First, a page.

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In Chapter Seventeen, sexuality is again a tactic of McMurphy. He questions Nurse Ratched about her breasts. The theme is continued in some sense by Chief Bromden later when he wonders about the birthmarks of the Catholic nurse in relation to the desire for purity. His observations about the Catholic nurse suggest the detrimental effects of sexual repression; unlike the tightly corseted Nurse Ratched, this nurse seems to demonstrate intense guilt and shame about her sexuality. The narrator describes this situation almost entirely in metaphorical terms of "stains," with obvious sexual connotations.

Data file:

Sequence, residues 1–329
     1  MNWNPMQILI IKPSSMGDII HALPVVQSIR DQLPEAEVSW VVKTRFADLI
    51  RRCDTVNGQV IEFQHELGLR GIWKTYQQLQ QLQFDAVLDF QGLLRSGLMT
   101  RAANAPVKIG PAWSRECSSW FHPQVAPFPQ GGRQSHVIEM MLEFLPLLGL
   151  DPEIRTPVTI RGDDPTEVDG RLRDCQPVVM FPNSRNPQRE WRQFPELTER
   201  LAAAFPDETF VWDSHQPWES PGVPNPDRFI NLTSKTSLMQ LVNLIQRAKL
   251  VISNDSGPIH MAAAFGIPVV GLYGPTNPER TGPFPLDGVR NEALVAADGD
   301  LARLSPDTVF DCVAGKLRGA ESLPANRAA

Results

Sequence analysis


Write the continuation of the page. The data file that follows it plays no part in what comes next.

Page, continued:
Although McMurphy becomes more bold and authoritative in this chapter, Nurse Ratched remains calm and reassured. She has regained composure because she knows she has control over the situation in the long run. She can determine what happens to McMurphy and whether or not he is ever released from the asylum, so she can tolerate any short-term challenges to her power, even if occasionally he can draw others to his cause.